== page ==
One of the most impressive results delivered so far during earnings season came from Perth education provider Navitas and its founder and chief executive, Rod Jones.
Despite operating in Australia’s beleaguered international education sector, the company produced a 24 per cent increase in revenue for the six months to December 31 to $270.2 million, with net profit climbing an impressive 45 per cent to $27.5 million.
The market loved the result and sent the company’s shares up more than 12 per cent to $4.95 in the days after the announcement.
For Jones, that little stock price surge added $30 million to the value of his stake in the company. His shareholding is now worth just over $275 million. In the last 12 months, his fortune has more than doubled.
That puts Jones in prime position to make a triumphant return to the rarefied air of BRW’s Rich 200 list. Jones made a one-time appearance on the list in 2006 with a fortune of $133 million, but a subsequent slump in the Navitas share price has kept him off the list for the past three years.
But based on last year’s cut-off of $150 million (which will surely rise given the performance of the Australian sharemarket) Jones is back with a vengeance.
Jones had something of an unusual path to entrepreneurship. He trained as an accountant and then worked in administration roles in the education sector, including stints as deputy director of the Tertiary Institutions Service Centre and the Secondary Education Authority.
In the mid 1990s, Jones identified a problem in the education space – about 70 per cent of international students were failing subjects, not because they were not smart enough, but because of what Jones calls "transition issues”.
His idea, and the core of the Navitas business, is 'bridging colleges'. The company partners with universities and runs diploma courses that prepare students for bachelor-level university courses.
The company also has government contracts to provide English language courses for migrants and refugees, offers workplace training and recruitment services, and also runs a student recruitment division.
The company listed in November 2004 at $1 a share and has risen steadily ever since. The burst over the last 12 months should ensure Jones becomes a regular Rich 200 feature.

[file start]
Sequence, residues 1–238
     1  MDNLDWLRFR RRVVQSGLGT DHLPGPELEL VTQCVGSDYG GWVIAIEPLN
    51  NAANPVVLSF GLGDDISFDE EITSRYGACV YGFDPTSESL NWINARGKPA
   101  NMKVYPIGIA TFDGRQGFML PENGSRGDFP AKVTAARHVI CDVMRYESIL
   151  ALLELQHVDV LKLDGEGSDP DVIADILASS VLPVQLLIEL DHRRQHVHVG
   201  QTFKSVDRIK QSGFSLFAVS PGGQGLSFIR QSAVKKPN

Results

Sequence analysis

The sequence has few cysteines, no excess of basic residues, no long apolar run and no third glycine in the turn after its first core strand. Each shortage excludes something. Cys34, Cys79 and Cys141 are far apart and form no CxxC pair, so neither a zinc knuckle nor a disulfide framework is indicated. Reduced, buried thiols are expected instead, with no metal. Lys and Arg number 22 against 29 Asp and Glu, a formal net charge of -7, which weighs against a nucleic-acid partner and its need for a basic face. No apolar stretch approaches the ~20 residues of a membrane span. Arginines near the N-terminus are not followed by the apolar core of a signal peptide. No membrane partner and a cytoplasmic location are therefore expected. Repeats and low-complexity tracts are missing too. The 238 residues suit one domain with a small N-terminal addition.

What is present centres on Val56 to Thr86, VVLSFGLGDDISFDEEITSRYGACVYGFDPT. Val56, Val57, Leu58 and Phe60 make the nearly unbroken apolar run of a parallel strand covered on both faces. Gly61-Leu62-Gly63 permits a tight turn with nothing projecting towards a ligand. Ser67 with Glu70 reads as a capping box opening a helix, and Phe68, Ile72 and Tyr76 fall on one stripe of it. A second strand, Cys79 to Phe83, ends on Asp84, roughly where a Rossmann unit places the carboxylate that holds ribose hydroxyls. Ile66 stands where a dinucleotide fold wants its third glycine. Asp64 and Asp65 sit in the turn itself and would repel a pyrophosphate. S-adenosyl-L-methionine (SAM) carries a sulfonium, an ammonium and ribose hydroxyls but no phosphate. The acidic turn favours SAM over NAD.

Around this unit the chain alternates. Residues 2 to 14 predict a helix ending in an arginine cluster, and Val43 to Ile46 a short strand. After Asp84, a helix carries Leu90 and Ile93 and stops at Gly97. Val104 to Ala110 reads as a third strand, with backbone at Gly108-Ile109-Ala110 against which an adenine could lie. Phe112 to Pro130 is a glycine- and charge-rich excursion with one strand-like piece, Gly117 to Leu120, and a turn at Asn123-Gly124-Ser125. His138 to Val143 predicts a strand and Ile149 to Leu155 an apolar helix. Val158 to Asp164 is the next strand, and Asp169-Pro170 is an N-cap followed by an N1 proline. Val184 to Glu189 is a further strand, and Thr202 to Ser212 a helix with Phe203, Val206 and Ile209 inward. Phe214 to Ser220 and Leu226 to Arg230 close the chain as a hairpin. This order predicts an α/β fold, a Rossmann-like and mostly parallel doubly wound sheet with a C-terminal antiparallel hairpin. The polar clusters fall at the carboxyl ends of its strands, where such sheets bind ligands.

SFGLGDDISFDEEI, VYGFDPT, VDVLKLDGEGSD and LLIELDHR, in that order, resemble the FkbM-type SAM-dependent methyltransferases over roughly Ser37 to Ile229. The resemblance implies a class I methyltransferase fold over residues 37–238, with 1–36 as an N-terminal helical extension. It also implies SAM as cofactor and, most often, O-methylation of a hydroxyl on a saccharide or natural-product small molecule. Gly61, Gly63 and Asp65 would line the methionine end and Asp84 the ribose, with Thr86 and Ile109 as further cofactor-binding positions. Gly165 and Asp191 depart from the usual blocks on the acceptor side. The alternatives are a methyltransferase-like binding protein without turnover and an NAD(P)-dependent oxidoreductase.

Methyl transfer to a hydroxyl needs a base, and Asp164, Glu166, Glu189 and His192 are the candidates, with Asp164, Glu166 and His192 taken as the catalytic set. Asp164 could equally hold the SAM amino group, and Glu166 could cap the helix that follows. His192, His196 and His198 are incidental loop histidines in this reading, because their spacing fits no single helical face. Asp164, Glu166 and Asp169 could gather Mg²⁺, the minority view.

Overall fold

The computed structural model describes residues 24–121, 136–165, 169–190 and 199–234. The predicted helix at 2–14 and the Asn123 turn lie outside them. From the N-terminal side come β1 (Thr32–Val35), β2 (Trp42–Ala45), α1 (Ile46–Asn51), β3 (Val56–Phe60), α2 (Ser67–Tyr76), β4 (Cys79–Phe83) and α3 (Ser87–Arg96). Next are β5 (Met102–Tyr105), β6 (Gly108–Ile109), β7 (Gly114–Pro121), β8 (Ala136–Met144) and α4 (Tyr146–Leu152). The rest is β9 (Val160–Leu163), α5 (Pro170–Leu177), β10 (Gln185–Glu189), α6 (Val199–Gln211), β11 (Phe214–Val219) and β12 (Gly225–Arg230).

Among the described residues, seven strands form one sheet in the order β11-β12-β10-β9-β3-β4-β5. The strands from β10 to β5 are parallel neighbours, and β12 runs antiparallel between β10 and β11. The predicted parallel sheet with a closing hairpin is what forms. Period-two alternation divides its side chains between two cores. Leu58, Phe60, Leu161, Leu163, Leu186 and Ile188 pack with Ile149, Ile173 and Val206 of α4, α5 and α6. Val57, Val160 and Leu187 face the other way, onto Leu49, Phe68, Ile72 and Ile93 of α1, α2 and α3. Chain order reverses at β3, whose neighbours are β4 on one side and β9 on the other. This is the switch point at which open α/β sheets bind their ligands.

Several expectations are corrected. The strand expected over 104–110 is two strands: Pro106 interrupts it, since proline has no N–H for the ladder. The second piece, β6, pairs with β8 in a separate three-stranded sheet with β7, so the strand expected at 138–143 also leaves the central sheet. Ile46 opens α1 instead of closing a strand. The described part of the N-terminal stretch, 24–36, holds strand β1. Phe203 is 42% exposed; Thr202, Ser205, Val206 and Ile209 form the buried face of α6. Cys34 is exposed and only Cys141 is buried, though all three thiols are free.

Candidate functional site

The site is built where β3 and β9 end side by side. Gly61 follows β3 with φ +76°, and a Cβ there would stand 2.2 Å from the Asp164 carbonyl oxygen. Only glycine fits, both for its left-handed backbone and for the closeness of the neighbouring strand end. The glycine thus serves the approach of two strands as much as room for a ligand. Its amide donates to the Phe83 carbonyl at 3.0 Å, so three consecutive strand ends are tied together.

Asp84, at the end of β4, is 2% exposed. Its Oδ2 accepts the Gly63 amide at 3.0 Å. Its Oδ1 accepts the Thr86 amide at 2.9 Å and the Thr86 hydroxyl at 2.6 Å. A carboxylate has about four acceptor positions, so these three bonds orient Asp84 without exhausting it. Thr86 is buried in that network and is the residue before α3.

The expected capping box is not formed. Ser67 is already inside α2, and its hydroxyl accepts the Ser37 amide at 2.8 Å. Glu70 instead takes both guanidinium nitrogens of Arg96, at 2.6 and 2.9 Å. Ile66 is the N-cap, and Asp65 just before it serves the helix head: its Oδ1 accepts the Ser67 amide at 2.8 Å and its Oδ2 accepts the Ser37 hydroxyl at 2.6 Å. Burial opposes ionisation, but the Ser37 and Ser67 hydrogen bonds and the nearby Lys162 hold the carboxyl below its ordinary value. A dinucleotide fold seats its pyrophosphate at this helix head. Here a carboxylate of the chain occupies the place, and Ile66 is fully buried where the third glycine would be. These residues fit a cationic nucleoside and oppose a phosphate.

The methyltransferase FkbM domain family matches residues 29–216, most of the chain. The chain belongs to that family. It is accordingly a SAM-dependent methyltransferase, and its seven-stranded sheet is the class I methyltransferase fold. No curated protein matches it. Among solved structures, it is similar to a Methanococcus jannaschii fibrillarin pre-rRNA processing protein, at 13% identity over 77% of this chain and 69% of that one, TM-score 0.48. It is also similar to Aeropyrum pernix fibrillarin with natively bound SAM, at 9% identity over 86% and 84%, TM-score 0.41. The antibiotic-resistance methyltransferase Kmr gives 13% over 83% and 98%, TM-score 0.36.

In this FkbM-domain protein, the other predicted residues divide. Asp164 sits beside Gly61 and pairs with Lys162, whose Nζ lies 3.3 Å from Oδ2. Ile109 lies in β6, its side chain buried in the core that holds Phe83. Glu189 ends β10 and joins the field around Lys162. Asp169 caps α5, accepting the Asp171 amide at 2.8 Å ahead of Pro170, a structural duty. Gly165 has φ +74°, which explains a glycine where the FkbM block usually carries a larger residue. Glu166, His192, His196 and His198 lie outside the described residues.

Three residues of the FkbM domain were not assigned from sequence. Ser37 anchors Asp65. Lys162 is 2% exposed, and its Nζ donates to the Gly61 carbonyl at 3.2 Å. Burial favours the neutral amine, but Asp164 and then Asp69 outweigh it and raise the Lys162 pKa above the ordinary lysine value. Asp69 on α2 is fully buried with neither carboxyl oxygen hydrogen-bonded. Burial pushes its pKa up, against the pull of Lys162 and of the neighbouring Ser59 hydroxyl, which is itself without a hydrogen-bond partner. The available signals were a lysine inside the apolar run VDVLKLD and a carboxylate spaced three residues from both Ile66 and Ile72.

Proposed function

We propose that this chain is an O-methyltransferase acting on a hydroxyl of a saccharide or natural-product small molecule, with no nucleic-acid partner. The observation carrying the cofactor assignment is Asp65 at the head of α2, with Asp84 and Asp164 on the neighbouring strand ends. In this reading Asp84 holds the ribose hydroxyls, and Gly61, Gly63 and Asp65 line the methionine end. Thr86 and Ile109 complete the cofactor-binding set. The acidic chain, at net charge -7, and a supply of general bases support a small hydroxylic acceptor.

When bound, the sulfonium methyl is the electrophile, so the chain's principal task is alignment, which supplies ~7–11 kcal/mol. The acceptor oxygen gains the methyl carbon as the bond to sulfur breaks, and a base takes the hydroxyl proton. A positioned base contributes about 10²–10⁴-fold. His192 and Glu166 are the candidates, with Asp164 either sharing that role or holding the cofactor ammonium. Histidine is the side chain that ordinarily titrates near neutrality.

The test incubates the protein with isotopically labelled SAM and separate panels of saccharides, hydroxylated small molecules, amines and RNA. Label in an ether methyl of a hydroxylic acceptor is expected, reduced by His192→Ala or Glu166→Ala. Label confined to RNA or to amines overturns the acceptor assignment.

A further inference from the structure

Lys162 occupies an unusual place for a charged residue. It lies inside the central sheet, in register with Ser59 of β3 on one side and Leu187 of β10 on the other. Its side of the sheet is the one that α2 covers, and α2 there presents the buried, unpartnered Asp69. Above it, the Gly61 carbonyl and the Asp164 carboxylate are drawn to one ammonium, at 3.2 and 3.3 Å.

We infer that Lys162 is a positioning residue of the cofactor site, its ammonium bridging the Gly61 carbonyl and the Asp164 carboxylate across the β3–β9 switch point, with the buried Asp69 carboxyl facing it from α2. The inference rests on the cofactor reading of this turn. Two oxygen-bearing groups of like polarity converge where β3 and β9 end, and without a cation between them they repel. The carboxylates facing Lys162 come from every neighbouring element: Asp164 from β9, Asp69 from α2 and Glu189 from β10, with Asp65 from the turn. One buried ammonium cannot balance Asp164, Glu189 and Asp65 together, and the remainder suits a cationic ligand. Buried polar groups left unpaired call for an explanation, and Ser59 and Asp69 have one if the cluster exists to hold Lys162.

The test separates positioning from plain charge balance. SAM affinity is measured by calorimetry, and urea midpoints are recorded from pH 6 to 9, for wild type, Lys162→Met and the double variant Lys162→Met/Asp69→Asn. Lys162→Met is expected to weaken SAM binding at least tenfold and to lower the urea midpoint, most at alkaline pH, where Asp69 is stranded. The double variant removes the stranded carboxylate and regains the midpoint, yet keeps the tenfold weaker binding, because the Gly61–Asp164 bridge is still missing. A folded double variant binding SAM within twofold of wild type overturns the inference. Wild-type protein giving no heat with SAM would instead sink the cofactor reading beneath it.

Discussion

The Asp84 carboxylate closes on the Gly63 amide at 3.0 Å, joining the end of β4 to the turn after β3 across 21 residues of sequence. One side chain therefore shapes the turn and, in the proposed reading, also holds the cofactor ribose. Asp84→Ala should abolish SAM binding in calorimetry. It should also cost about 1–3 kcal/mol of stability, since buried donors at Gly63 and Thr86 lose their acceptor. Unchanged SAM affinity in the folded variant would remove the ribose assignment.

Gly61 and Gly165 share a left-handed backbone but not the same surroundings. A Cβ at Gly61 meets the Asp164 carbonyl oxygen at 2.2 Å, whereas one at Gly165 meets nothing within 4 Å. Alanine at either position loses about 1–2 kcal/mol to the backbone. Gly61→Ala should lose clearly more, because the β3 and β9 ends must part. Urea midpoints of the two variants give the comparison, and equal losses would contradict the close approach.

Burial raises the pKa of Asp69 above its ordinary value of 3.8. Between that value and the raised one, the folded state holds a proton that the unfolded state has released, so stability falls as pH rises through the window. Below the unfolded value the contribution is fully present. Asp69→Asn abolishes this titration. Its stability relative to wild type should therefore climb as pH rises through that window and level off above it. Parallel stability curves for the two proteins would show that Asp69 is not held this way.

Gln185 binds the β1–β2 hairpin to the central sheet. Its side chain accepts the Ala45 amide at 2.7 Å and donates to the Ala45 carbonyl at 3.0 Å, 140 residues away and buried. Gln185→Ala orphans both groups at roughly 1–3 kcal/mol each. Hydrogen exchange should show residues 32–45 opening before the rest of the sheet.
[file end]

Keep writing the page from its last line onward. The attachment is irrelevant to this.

He’s not the only entrepreneur who is back in contention for the big league. Here are a few other comeback kids:
As a director of gold, coal and iron ore miner Aquila Resources, Charles Bass rode the resources boom to amass a fortune of $342 million. But with Aquila shares tumbling over 2008 and early 2009, the mining industry veteran departed the Rich 200 in 2009. This year, he should make a triumphant return. In the last 12 months the company’s share price has leapt from $2.28 to $8.90, valuing Bass’ share price at $320 million.
Veteran Sydney car dealer Nick Politis fell off the Rich 200 last year thanks to a big drop in the value of his stake in listed car retail company AP Eagers. But a surge in car sales in the second half of the year – helped in no small part by the government’s special investment allowance – helped the company’s share price more than double in the last 12 months, pushing the value of Politis’ stake back above $150 million. When his other assets are included, he should easily make the grade again.
The founder and chief executive of serviced offices business ServCorp, Alf Moufarrige, is firmly in expansion mode, with plans to triple the size of his business in the next three years. His fortune is also in expansion mode, with his stake in Servcorp jumping from $107 million to $178 million in the last 12 months. That should put his back on the Rich 200, after he fell off the list last year.
Last year was an extremely difficult one for all companies specialising in mining services, such as Kevin Maloney’s The MAC Service Group. The company’s shares plunged from almost $4 at the start of 2008 to less than $1 at the start of 2009, causing founder and executive director Maloney to lose his spot on the Rich 200 just a year after making the grade. But this year has seen a fight back, with the value of Maloney’s stake climbing from $68 million to $190 million – safely back in Rich 200 territory.
Former Flight Centre executive Jim Goldburg has been off and on the Rich 200 in the last few years, but the extraordinary rise in the company’s share price seems likely to put him very close to the big list again. In the last 12 months, the company’s share price has rebounded from $5.90 to around $19.80, giving Goldburg a stake worth around $88 million. When that is combined with his stakes in several property development firms, Goldburg will go close.